On 15 th of every month, Customers' Day is observed between 3 p.m. and 5 p.m. during which our overseeing

Executives are available for meeting the public / Customers without prior appointment.

Special Customers' Meets are organised for different segments of the market, viz., Exporters, SSI, NRI, Agriculturists, etc.. Customer Satisfaction Surveys through In-house as well as by External agencies are conducted to assess the level of customer satisfaction.

Grievance Escalation System

Customers can lodge their complaints directly to Branch-in-charge and it will be the responsibility of the Branch-in-charge to resolve the complaint within 7 days from the date of receipt.

The Branch-in-charge will analyse the complaint and if need be he/she will contact the complainant personally and resolve the complaint.

A complaint redressal letter will be sent to complainant, if the complaint is resolved at Branch level. The Branch will also send the details of the grievance received by the at periodical intervals to Regional Office/Circle Office.

If the Branch-in-charge is not able to resolve the complaint within 7 days, the complaint will be referred by the Branches to the concerned Regional Office/Circle along with their comments / replies for further action.

The complaints referred to Regional Office/Circle Office will be analysed by Customer Service Section and based on the explanation received from the Branch, RO/CO will send a suitable reply to complainant.
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If the reply received from the Branch is not satisfactory and if Regional Office/Circle Office cannot resolve the complaint within 7 days from the date of receipt of complaints, the same will be referred to Customer Service Section, Head Office along with their comments/explanations. The Regional Office/Circle Office will also send the details of the complaints received directly by them and not settled within seven days to Customer Service Section, Head Office along with their comments/replies.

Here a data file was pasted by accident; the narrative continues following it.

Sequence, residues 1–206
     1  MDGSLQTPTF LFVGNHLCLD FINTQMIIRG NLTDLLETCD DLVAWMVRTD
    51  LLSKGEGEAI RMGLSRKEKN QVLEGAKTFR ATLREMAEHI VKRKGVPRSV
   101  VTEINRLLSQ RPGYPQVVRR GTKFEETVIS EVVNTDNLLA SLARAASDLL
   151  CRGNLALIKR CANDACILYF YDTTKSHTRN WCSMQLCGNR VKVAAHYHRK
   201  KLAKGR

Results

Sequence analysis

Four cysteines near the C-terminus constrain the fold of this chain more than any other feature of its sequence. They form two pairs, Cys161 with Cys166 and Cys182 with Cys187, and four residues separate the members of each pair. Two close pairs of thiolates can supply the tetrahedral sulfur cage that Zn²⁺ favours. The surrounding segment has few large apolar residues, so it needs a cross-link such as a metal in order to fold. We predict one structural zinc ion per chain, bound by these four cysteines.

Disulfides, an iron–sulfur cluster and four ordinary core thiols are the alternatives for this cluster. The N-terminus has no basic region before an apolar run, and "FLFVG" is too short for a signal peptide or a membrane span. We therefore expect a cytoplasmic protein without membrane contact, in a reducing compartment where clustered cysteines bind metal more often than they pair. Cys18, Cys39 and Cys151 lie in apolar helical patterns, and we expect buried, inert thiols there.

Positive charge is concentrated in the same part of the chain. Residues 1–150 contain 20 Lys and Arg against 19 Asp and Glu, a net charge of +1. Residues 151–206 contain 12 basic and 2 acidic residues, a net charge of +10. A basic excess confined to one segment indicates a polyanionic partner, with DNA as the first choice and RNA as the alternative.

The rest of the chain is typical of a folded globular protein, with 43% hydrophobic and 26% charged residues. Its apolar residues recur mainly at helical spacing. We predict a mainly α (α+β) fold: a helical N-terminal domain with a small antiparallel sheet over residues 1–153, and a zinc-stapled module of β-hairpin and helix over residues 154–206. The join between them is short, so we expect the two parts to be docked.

Customer Service Section, Head Office will analyse the complaint and the replies received from Branch and Regional Office/Circle Office. On placing the matter before appropriate authorities a decision is taken on the complaint. A complaint redressal letter is sent to the complainant from Head Office and suitable instruction are passed on to Branch, Regional Office, Circle Office for taking action in the deficient areas.

COMPLAINTS/ GRIEVANCES Customer Service Committee of the Board This sub-committee of the Board would be responsible for formulation of a Comprehensive Deposit Policy incorporating the issues such as the treatment of death of a depositor for operations of his account, the product approval process and the annual survey of depositor satisfaction and the tri-enniel audit of such services. The Committee would also examine any other issues having a bearing on the quality of customer service rendered. This Committee would also review the functioning of Standing Committee on Customer Service. The Customer Service Committee of the Board is responsible for the rendering of customer service to the individual, both as a depositor and also as a borrower. The Committee is, therefore, responsible for examining loan policies and service issues for the individual as a borrower also.
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Standing Committee on Customer Service The Standing Committee on Customer Service will be chaired by the Managing Director/ Executive Director of the Bank. Besides two to three senior executives of the bank, the committee would also have two to three eminent non-executives drawn from the public as members. The committee would have the following functions. Evaluate feed-back on quality of customer service received from various quarters. The committee would also review comments/feed-back on customer service and implementation of commitments in the Code of Banks Commitments to Customers received from BCSBI.

The Committee would be responsible to ensure that all regulatory instructions regarding customer service are followed by the bank. Towards this, the committee would obtain necessary feed-back from zonal/regional managers/ functional heads.

The committee also would consider unresolved complaints/grievances referred to it by functional heads responsible for redressal and offer their advice.

The committee would submit report on its performance to the customer service committee of the board at quarterly intervals.